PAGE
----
It’s one thing to tell someone a story, but it’s an entirely different thing to show someone. By including an uplifting explainer video, the company founders tell their personal stories and journey, explaining their mission along the way. Showing your story to customers through video allows you to create a lasting impression in just a few seconds in an engaging way

Next time you search for a good book, think about Better World Book’s story and make your purchase count. 

What can you learn from them?

When your brand’s reason for existing is visible through your story and business model, customers can become loyal before they even make a purchase. 


Storytelling Brands–Cabin Zero’s homepage shows a banner image of a man holding one of its red travel backpacks. There is a CTA to shop their Classic Backpack range of products.
Cabin Zero’s homepage.

As we saw before with Luca + Danni and Better World Books, telling customers how it all started makes them feel connected from day one. CabinZero does an excellent job with this by sharing an anecdotal story about the founder’s travel struggles while backpacking India in 1993.

From lugging around awkward, heavy bags to airline carry-on restrictions, founder and CEO Neil dreamt of a bag that made his travels easier. If you’ve ever traveled with a backpack for an extended period, you know a good bag is make-or-break (especially for your poor back). Neil created a checklist for his dream backpack–lightweight, durable, small enough to keep by his side, and had zippers that actually locked. After searching for a bag that fit the bill in the UK and Asia, Neil came up short. So, he decided to make one himself. 

Storytelling Brands–Cabin Zero’s bio taken from its website: HOW WE STARTED OUR STORY “It all started in India, way back in 1993. The world was in recession and decent jobs were hard to come by. So, passport in hand, traveller's cheques signed and a giant bag on my back, off I went. The trip was life-changing, but the bag sucked (to put it bluntly). It took three trips to India to finally crack the bag-gate. Fed up of lugging giant, impractical bags around the world, I downsized to hand luggage - and never looked back. Travelling light was truly liberating. Plus, saving all that time at check-in meant extra time for a pre-flight beer! It was one of the bleakest moments in travelling history: the day the airlines set carry-on baggage restrictions. Paying to check in a bag? Faffing around with rulers and tape measures, comparing different airlines’ hand luggage rules? No, thank you. The need for a practical, reliable cabin bag was greater than ever. My dream was simple - or so I thought. A lightweight backpack with zippers that is actually locked, durable enough for the rigours of travelling and small enough to keep by my side. But after scouring the shops in the UK and Asia, I quickly realised that an adventure-proof, cabin-sized backpack just didn’t exist. So I decided to make one myself.” CABINZERO Founder and CEO, Neil V.  To the right of the bio are two candid snapshots of Cabin Zero’s founder Neil V, at two different ages.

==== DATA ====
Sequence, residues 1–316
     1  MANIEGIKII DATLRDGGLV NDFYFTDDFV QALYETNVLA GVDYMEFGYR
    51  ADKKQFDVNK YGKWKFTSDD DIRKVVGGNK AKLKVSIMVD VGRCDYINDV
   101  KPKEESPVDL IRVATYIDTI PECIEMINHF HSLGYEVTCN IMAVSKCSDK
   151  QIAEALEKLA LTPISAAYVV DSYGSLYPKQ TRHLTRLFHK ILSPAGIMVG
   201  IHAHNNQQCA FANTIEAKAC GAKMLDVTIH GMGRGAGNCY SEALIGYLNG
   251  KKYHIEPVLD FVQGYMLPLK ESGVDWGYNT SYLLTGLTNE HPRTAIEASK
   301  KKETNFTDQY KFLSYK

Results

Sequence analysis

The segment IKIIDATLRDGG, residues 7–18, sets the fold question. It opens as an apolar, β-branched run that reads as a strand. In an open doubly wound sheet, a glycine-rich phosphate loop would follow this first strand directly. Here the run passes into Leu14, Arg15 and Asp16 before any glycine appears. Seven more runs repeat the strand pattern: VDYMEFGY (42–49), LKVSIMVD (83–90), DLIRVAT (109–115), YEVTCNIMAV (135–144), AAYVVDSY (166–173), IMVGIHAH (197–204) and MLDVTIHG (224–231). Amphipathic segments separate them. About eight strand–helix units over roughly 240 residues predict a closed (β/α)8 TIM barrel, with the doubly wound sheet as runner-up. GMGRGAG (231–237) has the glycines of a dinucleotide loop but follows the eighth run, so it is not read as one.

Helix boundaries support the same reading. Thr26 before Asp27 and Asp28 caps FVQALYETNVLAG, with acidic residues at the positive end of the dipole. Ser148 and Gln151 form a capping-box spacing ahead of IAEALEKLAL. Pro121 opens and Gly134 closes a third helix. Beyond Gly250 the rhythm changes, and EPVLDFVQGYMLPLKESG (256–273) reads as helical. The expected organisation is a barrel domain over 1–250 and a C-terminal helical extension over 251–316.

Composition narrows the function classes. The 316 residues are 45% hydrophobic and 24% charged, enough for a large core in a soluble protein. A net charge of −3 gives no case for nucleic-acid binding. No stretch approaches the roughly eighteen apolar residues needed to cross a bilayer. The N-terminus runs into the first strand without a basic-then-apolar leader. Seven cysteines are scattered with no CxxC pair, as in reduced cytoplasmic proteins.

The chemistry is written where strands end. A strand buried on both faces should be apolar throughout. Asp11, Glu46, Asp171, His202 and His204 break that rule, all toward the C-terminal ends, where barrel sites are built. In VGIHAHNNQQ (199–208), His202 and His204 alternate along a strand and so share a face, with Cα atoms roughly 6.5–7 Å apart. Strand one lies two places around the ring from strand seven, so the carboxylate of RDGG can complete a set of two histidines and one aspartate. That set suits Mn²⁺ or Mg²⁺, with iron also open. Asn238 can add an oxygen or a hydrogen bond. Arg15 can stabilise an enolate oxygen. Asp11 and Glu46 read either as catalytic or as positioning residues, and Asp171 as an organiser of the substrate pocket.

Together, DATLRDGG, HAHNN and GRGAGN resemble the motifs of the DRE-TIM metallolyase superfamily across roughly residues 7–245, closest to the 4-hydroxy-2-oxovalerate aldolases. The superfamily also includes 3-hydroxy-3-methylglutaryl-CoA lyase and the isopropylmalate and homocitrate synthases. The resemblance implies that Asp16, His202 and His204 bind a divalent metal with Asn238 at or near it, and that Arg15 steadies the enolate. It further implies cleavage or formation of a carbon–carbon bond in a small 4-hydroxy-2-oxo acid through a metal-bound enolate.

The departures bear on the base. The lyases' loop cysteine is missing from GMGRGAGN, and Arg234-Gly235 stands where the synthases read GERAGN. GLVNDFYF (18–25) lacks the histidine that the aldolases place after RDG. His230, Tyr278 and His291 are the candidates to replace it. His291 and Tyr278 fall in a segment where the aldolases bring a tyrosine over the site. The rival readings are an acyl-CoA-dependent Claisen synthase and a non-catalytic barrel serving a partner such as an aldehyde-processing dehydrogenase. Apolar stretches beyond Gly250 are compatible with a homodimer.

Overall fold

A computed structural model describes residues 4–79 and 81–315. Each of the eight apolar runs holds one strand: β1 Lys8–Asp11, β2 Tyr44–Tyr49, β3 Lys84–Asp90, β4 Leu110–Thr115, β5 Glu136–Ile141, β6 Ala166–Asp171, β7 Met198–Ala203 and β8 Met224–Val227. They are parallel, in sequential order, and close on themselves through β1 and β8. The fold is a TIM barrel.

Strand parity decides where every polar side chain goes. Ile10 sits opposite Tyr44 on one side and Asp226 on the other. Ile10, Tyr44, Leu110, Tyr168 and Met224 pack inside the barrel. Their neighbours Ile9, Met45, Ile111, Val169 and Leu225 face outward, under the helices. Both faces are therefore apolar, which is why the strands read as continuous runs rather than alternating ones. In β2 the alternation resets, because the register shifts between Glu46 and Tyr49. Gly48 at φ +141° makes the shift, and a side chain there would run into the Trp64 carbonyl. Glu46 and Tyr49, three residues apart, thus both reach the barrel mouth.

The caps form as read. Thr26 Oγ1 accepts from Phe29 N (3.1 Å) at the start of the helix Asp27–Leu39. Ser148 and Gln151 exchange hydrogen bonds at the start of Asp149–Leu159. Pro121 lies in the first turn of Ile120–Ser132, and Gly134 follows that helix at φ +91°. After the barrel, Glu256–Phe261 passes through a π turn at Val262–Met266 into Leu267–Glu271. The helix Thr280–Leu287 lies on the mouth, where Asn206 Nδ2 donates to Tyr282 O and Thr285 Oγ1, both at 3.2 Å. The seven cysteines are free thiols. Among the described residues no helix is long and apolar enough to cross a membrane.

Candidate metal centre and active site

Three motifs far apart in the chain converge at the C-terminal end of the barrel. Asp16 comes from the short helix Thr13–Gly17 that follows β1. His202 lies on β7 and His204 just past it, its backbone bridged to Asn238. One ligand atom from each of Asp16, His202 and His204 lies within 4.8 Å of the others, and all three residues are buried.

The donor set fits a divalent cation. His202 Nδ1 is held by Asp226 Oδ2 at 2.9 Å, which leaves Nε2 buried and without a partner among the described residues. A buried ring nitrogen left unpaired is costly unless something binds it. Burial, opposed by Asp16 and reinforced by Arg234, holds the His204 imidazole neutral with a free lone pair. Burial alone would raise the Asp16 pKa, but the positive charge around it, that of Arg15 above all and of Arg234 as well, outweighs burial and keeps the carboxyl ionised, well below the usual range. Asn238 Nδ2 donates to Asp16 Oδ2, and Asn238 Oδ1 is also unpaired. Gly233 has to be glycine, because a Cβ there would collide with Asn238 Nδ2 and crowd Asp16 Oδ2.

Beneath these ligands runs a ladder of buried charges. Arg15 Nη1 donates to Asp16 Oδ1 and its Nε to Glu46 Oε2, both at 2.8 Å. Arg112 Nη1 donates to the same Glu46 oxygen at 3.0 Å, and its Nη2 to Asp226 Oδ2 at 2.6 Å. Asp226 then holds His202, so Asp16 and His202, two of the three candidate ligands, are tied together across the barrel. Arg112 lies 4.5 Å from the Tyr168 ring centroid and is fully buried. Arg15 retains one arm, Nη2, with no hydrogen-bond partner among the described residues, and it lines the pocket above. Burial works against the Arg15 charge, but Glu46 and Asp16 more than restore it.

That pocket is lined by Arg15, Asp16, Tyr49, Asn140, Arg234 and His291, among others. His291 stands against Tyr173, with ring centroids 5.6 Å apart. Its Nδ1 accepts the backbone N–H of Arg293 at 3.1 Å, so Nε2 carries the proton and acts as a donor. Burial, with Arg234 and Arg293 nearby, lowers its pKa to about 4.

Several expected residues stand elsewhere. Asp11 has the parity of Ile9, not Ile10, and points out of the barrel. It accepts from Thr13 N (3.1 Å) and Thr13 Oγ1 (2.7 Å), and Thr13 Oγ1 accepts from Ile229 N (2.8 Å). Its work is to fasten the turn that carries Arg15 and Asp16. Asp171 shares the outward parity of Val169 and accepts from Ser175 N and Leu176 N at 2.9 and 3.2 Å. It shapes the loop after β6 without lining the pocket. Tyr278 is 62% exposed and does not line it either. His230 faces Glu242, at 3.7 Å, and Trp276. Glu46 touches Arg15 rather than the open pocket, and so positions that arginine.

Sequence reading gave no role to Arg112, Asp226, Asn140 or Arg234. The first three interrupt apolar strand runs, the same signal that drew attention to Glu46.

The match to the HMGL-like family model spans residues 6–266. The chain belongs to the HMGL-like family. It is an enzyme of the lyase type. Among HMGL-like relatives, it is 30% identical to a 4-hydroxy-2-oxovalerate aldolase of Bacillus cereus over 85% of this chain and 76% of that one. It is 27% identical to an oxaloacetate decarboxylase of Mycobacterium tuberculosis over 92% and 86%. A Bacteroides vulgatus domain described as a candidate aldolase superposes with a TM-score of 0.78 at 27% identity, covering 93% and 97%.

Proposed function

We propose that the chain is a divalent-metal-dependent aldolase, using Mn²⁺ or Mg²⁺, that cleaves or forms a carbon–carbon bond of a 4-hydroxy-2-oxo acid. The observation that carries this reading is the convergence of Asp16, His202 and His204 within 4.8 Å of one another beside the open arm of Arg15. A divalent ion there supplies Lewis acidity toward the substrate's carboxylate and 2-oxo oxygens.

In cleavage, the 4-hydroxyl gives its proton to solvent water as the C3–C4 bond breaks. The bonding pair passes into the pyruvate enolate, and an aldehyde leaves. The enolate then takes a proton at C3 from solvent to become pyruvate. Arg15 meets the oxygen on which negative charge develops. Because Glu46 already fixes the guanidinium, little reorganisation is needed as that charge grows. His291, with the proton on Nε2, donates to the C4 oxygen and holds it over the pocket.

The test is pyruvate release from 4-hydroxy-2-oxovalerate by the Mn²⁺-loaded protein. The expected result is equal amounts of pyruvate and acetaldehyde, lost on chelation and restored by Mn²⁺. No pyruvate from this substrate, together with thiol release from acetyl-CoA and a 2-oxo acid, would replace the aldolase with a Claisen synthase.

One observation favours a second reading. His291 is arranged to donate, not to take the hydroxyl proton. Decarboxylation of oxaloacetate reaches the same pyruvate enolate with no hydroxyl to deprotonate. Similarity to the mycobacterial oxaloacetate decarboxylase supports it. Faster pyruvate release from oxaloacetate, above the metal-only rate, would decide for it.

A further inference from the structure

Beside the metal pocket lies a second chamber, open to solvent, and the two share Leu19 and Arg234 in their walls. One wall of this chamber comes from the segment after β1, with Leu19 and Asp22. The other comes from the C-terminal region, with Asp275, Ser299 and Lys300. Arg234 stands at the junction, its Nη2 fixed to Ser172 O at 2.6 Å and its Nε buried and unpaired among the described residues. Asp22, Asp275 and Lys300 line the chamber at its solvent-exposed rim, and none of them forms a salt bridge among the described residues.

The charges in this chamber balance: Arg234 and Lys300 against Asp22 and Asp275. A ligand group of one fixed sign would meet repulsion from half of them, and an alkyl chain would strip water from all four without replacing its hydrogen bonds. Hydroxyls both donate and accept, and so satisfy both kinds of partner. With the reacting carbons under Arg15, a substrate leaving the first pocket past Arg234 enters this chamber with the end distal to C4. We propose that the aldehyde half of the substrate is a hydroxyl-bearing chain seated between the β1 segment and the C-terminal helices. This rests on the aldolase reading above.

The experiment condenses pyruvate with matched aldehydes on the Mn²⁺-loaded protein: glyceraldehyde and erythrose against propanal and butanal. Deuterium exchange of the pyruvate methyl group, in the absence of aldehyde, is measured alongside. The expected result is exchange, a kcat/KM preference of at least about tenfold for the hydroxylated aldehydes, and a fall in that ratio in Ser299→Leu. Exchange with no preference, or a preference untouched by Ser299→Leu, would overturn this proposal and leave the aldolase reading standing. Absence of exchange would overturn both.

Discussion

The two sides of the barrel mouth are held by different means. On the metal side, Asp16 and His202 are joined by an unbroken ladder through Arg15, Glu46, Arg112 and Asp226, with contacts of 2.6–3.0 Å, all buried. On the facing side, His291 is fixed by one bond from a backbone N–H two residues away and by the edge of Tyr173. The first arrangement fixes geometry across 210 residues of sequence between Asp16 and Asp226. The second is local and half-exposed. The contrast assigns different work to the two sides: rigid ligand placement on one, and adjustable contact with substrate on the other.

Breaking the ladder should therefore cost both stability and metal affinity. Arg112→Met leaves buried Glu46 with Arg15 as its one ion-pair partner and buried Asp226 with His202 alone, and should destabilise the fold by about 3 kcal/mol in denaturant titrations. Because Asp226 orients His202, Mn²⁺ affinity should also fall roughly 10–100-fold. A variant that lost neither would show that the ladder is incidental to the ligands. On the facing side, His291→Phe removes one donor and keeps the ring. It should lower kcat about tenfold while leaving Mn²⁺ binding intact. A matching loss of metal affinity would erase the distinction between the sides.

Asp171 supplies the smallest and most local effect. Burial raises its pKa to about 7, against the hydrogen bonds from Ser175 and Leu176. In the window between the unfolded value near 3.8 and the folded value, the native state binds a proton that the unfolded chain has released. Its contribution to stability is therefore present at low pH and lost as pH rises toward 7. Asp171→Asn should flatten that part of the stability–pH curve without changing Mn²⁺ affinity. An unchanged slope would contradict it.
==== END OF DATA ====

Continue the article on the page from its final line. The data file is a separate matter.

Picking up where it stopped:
Cabin Zero’s About page shares its founder’s story.

As a brand made for travelers, by travelers, it’s not hard to imagine how CabinZero has built such a strong brand community. When dreaming of your next adventure, you’re most likely thinking about the views, foods, and cultures you’ll experience–not the backpack you’ll bring. CabinZero understands this and is, first and foremost, a lifestyle brand for travelers. The brand can communicate its story without saying a single word by featuring inspirational travel pictures from real customers. 

Sharing your community’s excitement about your brand draws new customers in and lets them get excited, too! 

What can you learn from them?

Share your passions before your products–people want to be inspired, not sold to. 


Storytelling Brands–QWERKY’s homepage of its website shows a banner image of a smiling, Asian woman with dip-dyed purple hair. In front of her face is a jar of QWERKY hair dye.
QWERKY’s homepage.

When you think about some of your favorite stories, chances are you remember the title. The same thing is true for brands and their names. QWERKY Colour takes the guesswork out of figuring out its purpose with a name that clearly communicates what it stands for. Through various non-damaging, long-lasting, and vibrant semi-permanent hair dyes, QWERKY empowers customers to embrace self-expression and be their authentic, unapologetically quirky selves.  

Storytelling Brand–QWERKY’s Meet the Founder page of its website shows two photos of its founder, Koh Qi Wen. She has neon pink hair in one image and ombre red and orange hair in the other.
QWERKY’s founder, Koh Qi Wen.

Founder Koh Qi Wen shares the personal story that drove her to create the brand and name. The inspiration for the name comes from two places–her name and a funny childhood memory. QW are her initials, and as a child, Qi Wen spelled “quirky” as “qwerky.” The name is a constant reminder to be fun and not take yourself too seriously.